Featuring 51 contemporary and vintage aprons, three dress and five apron try-ons, dating from the 1900s through present, this exhibition chronicles changing attitudes toward women and domestic work.
It surveys the wide range of design and craft techniques apron-makers have used to express themselves, while still working within creative venues traditionally available to women. Elaborately embroidered aprons of delicate cotton, for example, were worn by well-heeled women of the 1920s.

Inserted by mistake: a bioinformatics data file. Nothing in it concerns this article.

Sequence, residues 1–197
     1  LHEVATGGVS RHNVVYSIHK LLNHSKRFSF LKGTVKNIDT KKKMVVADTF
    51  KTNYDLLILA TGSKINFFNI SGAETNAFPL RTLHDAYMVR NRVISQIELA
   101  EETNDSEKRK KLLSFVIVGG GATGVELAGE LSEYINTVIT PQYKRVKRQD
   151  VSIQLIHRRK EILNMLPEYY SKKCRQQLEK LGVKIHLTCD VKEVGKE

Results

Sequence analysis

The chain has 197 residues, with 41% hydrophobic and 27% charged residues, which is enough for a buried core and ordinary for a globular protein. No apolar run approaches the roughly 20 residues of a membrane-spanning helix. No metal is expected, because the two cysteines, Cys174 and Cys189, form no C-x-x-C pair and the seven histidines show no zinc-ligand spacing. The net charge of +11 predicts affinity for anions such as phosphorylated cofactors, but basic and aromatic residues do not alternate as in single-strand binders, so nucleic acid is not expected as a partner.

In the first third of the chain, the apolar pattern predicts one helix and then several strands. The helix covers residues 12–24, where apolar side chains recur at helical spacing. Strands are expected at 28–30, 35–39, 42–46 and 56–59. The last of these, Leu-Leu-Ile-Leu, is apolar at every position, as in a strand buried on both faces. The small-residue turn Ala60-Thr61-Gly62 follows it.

In contrast, the Depression and war years of the 1930s and 1940s-inspired sturdy, calico bib aprons. The post-war 1940s and 1950s — the June Cleaver era — stand out as the acknowledged heyday of the apron, when commercial and intricately hand-decorated aprons flourished as symbols of family and motherhood.
Today, artists continue using aprons to explore cultural myths and realities, as well as their individual experiences with American domesticity. Though not as widespread as they once were, aprons remain as functional and protective garments for men and women alike. This is an ExhibitsUSA, Mid-America Arts Alliance traveling exhibit.